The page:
Belgium in Brief: Teenage booster indecision threatens February skiing

Belgium in Brief: Teenage booster indecision threatens February skiing
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Since being implemented at the end of 2021, Belgium’s booster vaccination programme has successfully seen 70% of the adult population receive an additional dose. Despite the need for a third dose doing little to quell the discontent of “anti-vaxxers” who fear that they will need to keep on renewing their vaccines with supplementary doses, the booster dose has been largely accepted.

However, it does raise tricky questions with regard to the validity of vaccine passes (Covid Safe Tickets in Belgium but different countries have different names). What had been a fairly straightforward matter before the introduction of booster doses – ie. are you fully vaccinated or not? – has become less clear-cut as initial vaccine doses now “expire” for the purposes of vaccination passes.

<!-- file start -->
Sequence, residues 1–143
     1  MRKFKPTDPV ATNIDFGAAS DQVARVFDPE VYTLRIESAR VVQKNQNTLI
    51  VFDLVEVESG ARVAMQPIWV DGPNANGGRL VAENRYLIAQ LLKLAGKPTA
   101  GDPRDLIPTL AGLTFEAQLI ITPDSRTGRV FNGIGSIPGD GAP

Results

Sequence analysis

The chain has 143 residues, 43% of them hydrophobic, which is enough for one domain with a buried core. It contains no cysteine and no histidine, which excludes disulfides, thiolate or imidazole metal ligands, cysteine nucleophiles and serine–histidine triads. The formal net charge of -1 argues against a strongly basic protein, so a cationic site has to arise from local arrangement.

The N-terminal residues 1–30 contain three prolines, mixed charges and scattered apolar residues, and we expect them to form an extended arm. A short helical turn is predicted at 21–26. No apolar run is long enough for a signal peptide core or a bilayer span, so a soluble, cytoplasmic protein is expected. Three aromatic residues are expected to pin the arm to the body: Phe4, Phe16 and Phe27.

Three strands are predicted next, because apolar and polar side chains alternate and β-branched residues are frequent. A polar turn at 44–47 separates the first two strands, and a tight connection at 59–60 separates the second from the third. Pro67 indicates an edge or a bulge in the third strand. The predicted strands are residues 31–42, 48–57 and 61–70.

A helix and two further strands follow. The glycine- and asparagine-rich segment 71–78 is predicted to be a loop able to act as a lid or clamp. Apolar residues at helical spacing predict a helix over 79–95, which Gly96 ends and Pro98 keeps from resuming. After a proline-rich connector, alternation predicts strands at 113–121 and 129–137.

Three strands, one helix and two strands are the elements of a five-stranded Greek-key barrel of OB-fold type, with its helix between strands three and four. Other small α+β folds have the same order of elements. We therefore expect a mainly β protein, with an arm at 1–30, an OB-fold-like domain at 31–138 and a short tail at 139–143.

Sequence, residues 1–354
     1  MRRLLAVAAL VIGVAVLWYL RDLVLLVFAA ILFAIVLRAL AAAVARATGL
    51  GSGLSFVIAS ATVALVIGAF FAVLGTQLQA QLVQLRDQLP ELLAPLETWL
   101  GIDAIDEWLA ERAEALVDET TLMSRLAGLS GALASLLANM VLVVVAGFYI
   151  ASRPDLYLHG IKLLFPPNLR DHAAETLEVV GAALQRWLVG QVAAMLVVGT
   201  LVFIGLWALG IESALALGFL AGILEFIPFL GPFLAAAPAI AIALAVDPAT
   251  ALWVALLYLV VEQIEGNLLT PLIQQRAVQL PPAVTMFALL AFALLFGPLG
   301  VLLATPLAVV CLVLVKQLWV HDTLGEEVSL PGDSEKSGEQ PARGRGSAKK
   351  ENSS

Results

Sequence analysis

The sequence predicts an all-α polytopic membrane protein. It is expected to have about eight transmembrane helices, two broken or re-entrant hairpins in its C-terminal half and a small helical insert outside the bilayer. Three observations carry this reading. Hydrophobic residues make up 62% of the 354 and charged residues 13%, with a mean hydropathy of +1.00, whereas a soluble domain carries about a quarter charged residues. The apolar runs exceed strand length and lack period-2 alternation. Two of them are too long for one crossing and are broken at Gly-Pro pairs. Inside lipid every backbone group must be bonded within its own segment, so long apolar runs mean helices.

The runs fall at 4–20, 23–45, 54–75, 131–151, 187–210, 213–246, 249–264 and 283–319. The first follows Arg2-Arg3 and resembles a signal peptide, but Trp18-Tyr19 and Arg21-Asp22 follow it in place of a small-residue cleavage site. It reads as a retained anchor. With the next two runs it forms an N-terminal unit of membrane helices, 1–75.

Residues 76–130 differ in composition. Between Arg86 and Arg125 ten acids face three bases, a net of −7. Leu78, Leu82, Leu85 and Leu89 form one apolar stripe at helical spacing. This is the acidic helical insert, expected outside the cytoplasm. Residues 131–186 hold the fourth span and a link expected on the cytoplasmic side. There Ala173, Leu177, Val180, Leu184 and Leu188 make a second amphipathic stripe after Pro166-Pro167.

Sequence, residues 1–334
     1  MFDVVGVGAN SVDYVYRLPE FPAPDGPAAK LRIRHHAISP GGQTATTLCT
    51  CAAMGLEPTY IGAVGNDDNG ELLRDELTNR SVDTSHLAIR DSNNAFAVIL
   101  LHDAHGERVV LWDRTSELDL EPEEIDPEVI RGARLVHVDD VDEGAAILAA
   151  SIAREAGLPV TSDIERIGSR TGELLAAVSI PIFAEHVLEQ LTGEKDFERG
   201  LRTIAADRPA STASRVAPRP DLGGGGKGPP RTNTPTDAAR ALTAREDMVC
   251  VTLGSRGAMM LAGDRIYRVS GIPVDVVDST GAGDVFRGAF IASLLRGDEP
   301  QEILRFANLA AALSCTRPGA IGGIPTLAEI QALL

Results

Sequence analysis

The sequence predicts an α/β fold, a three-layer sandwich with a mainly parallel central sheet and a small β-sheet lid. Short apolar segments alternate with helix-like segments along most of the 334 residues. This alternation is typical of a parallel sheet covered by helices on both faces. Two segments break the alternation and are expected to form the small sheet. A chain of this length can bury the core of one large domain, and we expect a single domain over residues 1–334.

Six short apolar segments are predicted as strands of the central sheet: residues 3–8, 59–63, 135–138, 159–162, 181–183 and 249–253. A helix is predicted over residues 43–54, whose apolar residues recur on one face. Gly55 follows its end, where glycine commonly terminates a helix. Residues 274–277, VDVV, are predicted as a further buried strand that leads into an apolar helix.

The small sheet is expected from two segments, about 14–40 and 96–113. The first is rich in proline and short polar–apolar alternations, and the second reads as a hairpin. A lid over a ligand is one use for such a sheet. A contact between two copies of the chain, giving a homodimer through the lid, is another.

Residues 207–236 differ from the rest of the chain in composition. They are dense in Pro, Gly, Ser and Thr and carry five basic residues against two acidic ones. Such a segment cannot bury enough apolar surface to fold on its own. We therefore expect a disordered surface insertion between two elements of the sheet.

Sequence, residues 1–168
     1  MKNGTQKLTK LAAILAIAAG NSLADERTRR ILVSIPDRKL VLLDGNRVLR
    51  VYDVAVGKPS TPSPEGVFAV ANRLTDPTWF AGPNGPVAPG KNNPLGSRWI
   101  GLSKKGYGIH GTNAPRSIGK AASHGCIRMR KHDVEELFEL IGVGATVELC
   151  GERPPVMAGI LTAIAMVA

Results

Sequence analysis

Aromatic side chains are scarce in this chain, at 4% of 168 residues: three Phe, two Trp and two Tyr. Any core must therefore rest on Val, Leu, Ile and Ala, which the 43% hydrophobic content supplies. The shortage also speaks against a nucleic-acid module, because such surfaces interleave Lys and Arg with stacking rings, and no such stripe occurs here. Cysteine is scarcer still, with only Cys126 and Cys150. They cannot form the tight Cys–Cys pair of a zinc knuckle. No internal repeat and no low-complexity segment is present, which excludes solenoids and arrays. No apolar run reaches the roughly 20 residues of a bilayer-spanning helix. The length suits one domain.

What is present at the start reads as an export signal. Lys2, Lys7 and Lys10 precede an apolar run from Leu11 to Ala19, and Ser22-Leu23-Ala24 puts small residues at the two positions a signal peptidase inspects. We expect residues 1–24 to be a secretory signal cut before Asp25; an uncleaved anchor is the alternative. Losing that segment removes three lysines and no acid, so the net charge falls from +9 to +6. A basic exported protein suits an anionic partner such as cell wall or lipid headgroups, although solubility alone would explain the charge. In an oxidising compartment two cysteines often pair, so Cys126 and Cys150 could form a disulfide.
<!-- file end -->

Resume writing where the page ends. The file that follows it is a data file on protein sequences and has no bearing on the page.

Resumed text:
For adults willing to get the booster shot, this doesn’t pose too great a problem – the extra dose brings you in line with certificate requirements throughout Europe. But for teenagers, there is now a serious barrier since the booster has yet to be approved for their age group. In practice, this means that thousands of teens may not be able to travel to some popular ski destinations, such as Austria and Italy, because they fall short of the vaccine requirements in these countries.

The European Medicines Agency has been dragging its heels on a decision for weeks, and Belgian health ministers are reluctant to issue their own approval in advance. The result is that unless Belgium’s Superior Health Council comes to an unusually speedy resolution, many holiday plans for the end of February will be jeopardised.

Impatient for an approval that may not materialise, some teens have taken matters into their own hands and are actively seeking to become infected in order to have a recovery certificate in time, which would also qualify them for the vaccine passes. But this comes at considerable risk to their personal health as well as threatening to further strain healthcare systems – an act deemed by health experts as downright “irresponsible”.

And although a week in the snow is a popular fixture of the February carnival holiday, the thought that some more fortunate families might see their normal ski trip disrupted by Europe’s inconsistent health pass regulations must surely be classed as a first world problem.

Have you got holiday plans? Let @Orlando_tbt know.

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